First of all, let me remind all that I used to work full-time on boats. I drove them as captain, crewed them as deck crew. Passenger, cargo, cargo-passenger -- did it all.
But I didn't get to see an awful lot of real sea. There is plenty of work right here in good ol' Puget Sound. I seldom worked more than a few miles from shore.
I have long dreamed of the tramp's life, a self-contained existance on a boat, mostly, putting about infinitely. Too much Melville, London, and Conrad. Way too much Hayden
. The problem, of course, is that to enjoy life, one must pay for the boat. Boats are expensive, little more than Large Holes in the Water Into Which You Throw Money. One definition for "boat:" acronym for "b
housand." And that's the situation for yesterday's boater. Factor in one of the biggest cost of boating (outside of moorage and repair), fuel, and today's prices make just bumping around a game for the wealthy.
Oh, and if you think fuel is expensive, price sails. Damn. . . .
No worries. I have a bit of experience with electric vehicles. It's not brain surgery to swap out a smokin' engine and fit a diminuative motor. Most boats use gensets for power very poorly, running almost full out to keep the television glowing. Very wasteful. It's far more efficient to run the genset only occassionally to charge batteries (the larger the bank the better -- think ballast) and to convert that direct current source to alternating as needed with an inverter. Boaters often suppliment the genset power with solar panels and small wind turbines. Depending upon useage, the gensets can go days without running. Connect the battery pack to a motor through a controller, and away you go!
The last type of boat I drove professionally
In fact, one can get quite a bit of mileage out of low-speed electrics. At the University of Washington, the Department of Intercollegic Athletics hired me for a few years to shuttle
folks visiting Husky and Seahawks games from the anchorage in Union Bay (yes, that's where the jeans maker got it's name) to Husky Stadium. Most recently they have used Duffy
electric boats for the shuttling. In a bay with a strictly enforced 7 knot speed limit (8 mph, for you lubbers), speed is not a priority. We operated those shuttles for 10 hours straight sometimes.
Hey, it beat working.
Bugdet cutbacks have ended that particular boating gig for me, sadly. There are others on the horizon.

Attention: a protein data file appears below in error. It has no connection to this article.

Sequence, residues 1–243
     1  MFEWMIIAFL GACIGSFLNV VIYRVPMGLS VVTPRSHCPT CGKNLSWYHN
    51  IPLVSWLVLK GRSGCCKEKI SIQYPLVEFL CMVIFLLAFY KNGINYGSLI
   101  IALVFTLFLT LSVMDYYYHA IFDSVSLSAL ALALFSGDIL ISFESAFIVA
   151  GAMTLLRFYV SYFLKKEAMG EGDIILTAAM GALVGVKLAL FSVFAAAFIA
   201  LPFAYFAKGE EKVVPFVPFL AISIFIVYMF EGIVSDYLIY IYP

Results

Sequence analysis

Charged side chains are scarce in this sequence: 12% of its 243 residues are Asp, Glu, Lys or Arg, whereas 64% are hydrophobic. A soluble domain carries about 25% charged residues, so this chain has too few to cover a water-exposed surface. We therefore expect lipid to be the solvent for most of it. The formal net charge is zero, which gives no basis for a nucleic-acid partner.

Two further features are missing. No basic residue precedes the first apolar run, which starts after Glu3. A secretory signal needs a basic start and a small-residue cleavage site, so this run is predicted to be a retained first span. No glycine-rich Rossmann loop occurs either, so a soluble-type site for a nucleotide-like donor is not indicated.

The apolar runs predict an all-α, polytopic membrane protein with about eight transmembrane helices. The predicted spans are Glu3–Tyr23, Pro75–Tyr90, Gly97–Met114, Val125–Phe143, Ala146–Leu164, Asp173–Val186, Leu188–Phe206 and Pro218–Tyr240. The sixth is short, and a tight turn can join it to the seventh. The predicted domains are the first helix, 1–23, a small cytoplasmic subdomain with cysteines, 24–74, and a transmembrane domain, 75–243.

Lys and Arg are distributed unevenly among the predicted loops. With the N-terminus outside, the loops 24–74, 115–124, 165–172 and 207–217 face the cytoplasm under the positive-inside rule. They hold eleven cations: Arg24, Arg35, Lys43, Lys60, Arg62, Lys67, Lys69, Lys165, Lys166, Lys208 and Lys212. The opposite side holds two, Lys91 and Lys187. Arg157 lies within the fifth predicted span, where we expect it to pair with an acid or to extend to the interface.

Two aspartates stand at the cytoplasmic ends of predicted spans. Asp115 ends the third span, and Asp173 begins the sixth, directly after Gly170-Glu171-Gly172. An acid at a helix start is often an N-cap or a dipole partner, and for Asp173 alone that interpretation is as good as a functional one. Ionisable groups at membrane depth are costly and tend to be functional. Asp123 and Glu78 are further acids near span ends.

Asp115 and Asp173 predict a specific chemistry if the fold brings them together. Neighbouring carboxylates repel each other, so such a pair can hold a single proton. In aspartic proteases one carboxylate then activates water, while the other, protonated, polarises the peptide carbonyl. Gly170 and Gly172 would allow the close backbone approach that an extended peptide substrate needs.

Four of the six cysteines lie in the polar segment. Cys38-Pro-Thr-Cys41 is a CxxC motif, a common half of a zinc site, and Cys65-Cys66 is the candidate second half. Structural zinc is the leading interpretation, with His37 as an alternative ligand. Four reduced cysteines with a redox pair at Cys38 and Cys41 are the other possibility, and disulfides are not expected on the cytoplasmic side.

Ah, but let's get back to the tramp's dream. I lately read two articles in rapid succession.
In the first, scientists develop portable generator that turns trash into electricity
. It's a nifty gadget that converts old food, wrappers and (of special interest here) plastic waste into electricity, providing". . . approximately 90 percent more energy than it consumed" to perform the task. Essentially, it eats the stuff you can't, making power.
Such a gizmo has limited use (given the purchase cost) in a Seattle home with weekly trash and plastic recycling pick-up, and really cheap electric power. It might, however, serve well on a largish boat with electric drive. . . provided one could find a good source of plastic floating trash. It is in abundance here in the Sound, sadly. But with shores and rocks and winds and other boats, one would have a less than peaceful drift collecting it. I've done this, but that's a story for another post.
No, what you would need would be a large, open ocean with relatively moderate weather about a gazillion miles from freakin' anybody, all stockpiled with lots o' flotsam.
Folks, let me introduce you to the North Pacific subtropical gyre
, a whirling cesspool of plastic inorganics clogging the middle of the Pacific. Winds and currents circling the Ring of Fire carry our bobbing waste to a vast dead zone filled with trash:
I did a quick calculation, estimating the debris at half a pound for every hundred square meters of sea surface. Multiplied by the circular area defined by our roughly thousand-mile course through the gyre, the weight of the debris was about 3 million tons, comparable to a year’s deposition at Puente Hills, Los Angeles’s largest landfill.3 million tons of trash
. Or, with the converter device, millions of tons of power
The ocean could use less of this plastic trash;
and I could use the power.Phase One
: Buy a large, beat-up but seaworthy boat, maybe even a power barge for deck space and stability. Equip with electric drives, a couple of good gensets, lots of bulletproof batteries.Phase Two
: Get one of those plastic-to-power converter devices. Make up some story about testing the thing in a marine environment, or working tirelessly to rid the oceans of trash. There must be some grant money out there for either cock-and-bull story.Phase Three
: Take time off work. Stock up on lots of food. Drift in the gyre, dipping nets, hooks and pikepoles to power your seclusion. Do lots of fishing, grilling it on an electric outdoor grill.
Forget what people look like, if only for a while.